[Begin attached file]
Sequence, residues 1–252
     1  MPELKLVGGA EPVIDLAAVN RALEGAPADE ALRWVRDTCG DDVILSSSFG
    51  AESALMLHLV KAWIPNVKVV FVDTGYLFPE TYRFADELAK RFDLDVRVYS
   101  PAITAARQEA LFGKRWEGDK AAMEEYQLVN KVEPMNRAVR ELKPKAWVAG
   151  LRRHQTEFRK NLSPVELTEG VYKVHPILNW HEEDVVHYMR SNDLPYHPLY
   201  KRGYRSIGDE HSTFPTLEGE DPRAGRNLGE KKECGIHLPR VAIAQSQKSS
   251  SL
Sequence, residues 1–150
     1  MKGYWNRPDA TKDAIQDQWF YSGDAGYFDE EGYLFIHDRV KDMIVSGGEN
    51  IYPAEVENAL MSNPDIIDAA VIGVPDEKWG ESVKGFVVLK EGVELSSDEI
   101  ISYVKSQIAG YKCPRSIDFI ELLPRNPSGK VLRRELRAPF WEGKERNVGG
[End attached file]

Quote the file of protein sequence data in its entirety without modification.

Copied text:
Sequence, residues 1–252
     1  MPELKLVGGA EPVIDLAAVN RALEGAPADE ALRWVRDTCG DDVILSSSFG
    51  AESALMLHLV KAWIPNVKVV FVDTGYLFPE TYRFADELAK RFDLDVRVYS
   101  PAITAARQEA LFGKRWEGDK AAMEEYQLVN KVEPMNRAVR ELKPKAWVAG
   151  LRRHQTEFRK NLSPVELTEG VYKVHPILNW HEEDVVHYMR SNDLPYHPLY
   201  KRGYRSIGDE HSTFPTLEGE DPRAGRNLGE KKECGIHLPR VAIAQSQKSS
   251  SL
Sequence, residues 1–150
     1  MKGYWNRPDA TKDAIQDQWF YSGDAGYFDE EGYLFIHDRV KDMIVSGGEN
    51  IYPAEVENAL MSNPDIIDAA VIGVPDEKWG ESVKGFVVLK EGVELSSDEI
   101  ISYVKSQIAG YKCPRSIDFI ELLPRNPSGK VLRRELRAPF WEGKERNVGG